Saturday, November 22, 2008

Yellow Marshwort

Nymphoides crenata
What a silly little plant this is! It doesn’t like the container I’ve put it in. It’s too shallow for it, and there’s not room for a good layer of deep, rich mud, which is what it would really like. So it has responded by shrinking its leaves, as it does in the wild when times are tough. It seems to be telling me what a mean old gardener I am.
So I didn’t expect it to flower so happily, with normal-sized flowers which are bigger than the leaves.
In better conditions - still (or slow-flowing) fresh water to 1.5m deep, with a muddy bottom - the leaves are about 12cm long.
This plant dies back to almost nothing in winter. Fresh new growth appears every spring, and spreads across the water by stolons (like those on strawberry plants). Flushes of flowers appear every few days from November to about May.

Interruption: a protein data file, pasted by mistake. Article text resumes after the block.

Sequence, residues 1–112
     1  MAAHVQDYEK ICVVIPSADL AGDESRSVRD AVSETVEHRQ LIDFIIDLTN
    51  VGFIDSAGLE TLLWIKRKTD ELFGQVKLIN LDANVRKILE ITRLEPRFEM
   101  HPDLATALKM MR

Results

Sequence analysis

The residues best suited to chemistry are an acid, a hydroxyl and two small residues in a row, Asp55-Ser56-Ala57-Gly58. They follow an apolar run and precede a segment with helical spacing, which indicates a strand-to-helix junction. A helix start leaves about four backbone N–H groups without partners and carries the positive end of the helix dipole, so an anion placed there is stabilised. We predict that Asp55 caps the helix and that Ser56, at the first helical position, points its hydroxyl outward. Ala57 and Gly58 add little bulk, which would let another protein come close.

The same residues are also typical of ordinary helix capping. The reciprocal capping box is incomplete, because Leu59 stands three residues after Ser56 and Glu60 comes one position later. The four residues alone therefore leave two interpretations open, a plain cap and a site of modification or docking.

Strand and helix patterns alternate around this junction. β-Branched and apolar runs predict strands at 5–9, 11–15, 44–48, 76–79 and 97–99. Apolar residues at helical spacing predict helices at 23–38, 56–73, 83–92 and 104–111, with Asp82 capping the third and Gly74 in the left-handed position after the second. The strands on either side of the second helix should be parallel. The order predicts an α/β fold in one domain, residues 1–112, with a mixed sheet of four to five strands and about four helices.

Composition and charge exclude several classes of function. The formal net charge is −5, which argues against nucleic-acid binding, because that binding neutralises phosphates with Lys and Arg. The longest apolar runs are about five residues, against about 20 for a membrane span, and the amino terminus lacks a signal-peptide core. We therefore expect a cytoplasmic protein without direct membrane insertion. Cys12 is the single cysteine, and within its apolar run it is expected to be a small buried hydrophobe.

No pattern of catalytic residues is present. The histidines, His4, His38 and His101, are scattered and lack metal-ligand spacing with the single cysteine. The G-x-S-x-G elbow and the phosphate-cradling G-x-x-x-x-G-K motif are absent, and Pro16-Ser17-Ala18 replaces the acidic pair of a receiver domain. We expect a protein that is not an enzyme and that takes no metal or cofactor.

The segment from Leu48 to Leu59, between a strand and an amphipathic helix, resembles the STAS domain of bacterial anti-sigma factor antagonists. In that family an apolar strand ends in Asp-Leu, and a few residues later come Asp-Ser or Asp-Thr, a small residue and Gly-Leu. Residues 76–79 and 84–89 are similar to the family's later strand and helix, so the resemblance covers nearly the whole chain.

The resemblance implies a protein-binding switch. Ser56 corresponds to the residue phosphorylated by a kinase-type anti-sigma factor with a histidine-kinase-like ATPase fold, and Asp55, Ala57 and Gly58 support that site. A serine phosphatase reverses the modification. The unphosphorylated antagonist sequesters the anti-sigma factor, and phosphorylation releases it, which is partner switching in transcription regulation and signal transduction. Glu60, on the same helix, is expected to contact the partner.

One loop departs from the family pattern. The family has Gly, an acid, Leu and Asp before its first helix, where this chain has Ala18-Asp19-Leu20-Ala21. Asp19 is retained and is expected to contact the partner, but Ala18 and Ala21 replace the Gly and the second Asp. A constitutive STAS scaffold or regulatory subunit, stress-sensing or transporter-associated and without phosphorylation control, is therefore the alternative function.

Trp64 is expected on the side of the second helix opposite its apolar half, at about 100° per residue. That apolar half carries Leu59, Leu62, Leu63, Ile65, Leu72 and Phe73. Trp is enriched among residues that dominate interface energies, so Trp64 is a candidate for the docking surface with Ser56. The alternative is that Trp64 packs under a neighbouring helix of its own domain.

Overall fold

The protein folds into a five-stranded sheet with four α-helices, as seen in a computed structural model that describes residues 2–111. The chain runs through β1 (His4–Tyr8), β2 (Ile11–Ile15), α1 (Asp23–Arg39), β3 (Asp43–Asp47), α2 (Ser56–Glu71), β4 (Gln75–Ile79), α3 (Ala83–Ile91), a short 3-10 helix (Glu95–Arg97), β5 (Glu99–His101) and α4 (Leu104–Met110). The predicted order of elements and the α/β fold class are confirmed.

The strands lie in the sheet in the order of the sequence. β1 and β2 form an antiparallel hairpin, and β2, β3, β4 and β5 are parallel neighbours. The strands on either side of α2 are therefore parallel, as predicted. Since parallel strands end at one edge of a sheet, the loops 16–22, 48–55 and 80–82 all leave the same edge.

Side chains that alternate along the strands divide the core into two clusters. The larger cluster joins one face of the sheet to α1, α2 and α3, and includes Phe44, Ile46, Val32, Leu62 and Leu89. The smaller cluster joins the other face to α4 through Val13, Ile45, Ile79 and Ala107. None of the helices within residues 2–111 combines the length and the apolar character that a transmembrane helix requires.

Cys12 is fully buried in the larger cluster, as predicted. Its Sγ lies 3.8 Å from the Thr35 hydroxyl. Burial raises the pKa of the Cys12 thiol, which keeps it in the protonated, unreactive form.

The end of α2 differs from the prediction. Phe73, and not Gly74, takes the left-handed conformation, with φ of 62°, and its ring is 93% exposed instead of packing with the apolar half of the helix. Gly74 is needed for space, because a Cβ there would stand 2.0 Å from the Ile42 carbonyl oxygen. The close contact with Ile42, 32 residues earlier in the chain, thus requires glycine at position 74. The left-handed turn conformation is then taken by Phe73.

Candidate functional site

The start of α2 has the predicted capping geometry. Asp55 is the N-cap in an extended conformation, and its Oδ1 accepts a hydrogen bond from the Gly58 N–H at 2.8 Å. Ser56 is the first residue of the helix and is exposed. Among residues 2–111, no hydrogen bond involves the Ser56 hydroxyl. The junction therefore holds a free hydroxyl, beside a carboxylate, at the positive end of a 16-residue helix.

Like strawberry plants, they are easily reproduced from the plantlets which appear at each node.
This wavy-leafed marshwort is plant of the inland, but is now often seen east of the dividing range, having been introduced there by gardeners. Apparently they like the wavy-edged leaves of our sort rather than the smooth-edged ones of their local native, the very similar Nymphoides geminata.

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